03-24-18 | I just looked this up on here because carissa talks about it on twitter all the time and this sounds amazing??? oh my god 04-23-18 | I'm now on season 2 of the podcast and I'm in love!! I'm sad that the podcast will probably end before I catch up, but I'm definitely looking forward to more stuff in this universe. Also, **podcast spoiler** I can't wait for two more seasons of Adam and Caleb <3 01-16-19 | THERE’S A TITLE AND I LOVE IT AND A RELEASE DATE TOO AND I CAN’T WAIT 04-24-19 | 03-24-18 | I just looked this up on here because carissa talks about it on twitter all the time and this sounds amazing??? oh my god 04-23-18 | I'm now on season 2 of the podcast and I'm in love!! I'm sad that the podcast will probably end before I catch up, but I'm definitely looking forward to more stuff in this universe. Also, **podcast spoiler** I can't wait for two more seasons of Adam and Caleb <3 01-16-19 | THERE’S A TITLE AND I LOVE IT AND A RELEASE DATE TOO AND I CAN’T WAIT 04-24-19 | OH MY GOSH YALL ARE NOT READY!!!!!!!! 05-01-19 | First of all, I am so grateful to Lauren Shippen for personally sending me a signed and personalized ARC of The Infinite Noise to read and review. I’ve been a fan of The Bright Sessions for about a year now; I actually found out about the podcast because a friend of mine tweeted about the fact that there were going to be books set in the same universe and I thought the premise sounded really cool so I started listening. I hadn’t really been a big fan of podcasts before listening to The Bright Sessions, but I’m really glad I gave it a shot because I absolutely love it. I really couldn’t wait to read The Infinite Noise, so I’m super glad that I had the incredible opportunity to read it early. This review will be spoiler-free for those who have listened to the entirety of the original podcast, but if you haven’t finished it yet or haven’t listened to it at all, stop reading this review and GO LISTEN : ) For the most part, The Infinite Noise follows the timeline of the podcast and how Caleb and Adam develop as both individuals and as a couple during that time. Since The Bright Sessions is an audio drama, I was curious to see how the world and the characters within it would translate into a novel format since the medium in which a story is told has a significant impact on the overall narrative. Funnily enough, I actually wrote an entire paper about this with relation to The Bright Sessions for my Serial Storytelling class last semester. I got an A on both drafts of it and I’ve never been prouder of any academic paper I’ve written ever. That class was amazing, but I digress. Lauren did an incredible job of preserving the air of mystery that the original podcast has while introducing a lot more of Caleb and Adam’s individual thoughts and feelings as the narrative perspective switches between them. The novel definitely allowed for more room for backstory for both characters that the podcast doesn’t include, especially because Adam doesn’t get his own episodes until the later seasons. The Infinite Noise took all of the adorableness of Caleb and Adam’s relationship from the podcast and multiplied it by a hundred. Seriously, I didn’t think they could get any cuter than they already were, but somehow, they do. And we actually get to see them KISS in the book, unlike in the podcast, where they only kiss in like one episode because, let’s be real, it’s awkward to just listen to two people kissing. I was a bit surprised at how little of an appearance the other characters make in this book; I’m so used to the episodes centering around each of the characters in turn that it was an interesting change to focus on just two. Caleb and Adam are two of my favorite characters from the podcast, though, so I really can’t complain too much! Overall, I absolutely loved The Infinite Noise and I am so proud of Lauren Shippen for writing and soon publishing her first novel!! Be sure to pick up a copy on September 24th if you can because anyone who loves the podcast is seriously going to love this book, and so is anyone who hasn’t listened to the podcast – you can read this book with no prior knowledge of The Bright Sessions. I’m super excited for the other two books and for the previously announced TV series, but until then, stay strange : ) Adam’s emotions clear out everything; they quiet the infinite noise of the world and let me find the yellow parts of me that hurt. Disclaimer: This quote is from an ARC, so it may change before the book is published.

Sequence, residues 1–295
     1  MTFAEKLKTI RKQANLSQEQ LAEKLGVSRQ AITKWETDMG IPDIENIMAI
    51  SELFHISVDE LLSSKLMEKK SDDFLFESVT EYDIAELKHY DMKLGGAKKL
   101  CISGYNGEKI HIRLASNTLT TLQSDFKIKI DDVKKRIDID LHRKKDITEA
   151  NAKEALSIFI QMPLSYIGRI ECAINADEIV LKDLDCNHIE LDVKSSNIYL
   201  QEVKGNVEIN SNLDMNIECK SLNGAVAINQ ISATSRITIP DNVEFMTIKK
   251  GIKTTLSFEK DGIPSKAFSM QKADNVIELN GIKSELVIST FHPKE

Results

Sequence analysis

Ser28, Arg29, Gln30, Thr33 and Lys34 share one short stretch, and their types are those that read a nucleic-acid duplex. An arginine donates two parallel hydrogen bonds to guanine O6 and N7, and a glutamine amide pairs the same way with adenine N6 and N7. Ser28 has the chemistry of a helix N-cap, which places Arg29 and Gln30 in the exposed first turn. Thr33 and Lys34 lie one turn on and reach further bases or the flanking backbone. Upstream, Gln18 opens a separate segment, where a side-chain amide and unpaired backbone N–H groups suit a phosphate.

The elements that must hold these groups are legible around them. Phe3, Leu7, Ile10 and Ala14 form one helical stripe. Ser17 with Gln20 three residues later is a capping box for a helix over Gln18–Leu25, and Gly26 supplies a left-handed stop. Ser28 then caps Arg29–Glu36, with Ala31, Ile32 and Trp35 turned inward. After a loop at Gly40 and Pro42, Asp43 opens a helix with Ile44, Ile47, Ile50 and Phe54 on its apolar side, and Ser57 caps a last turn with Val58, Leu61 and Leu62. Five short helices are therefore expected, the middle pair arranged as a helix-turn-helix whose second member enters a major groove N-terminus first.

17. 4 out of 5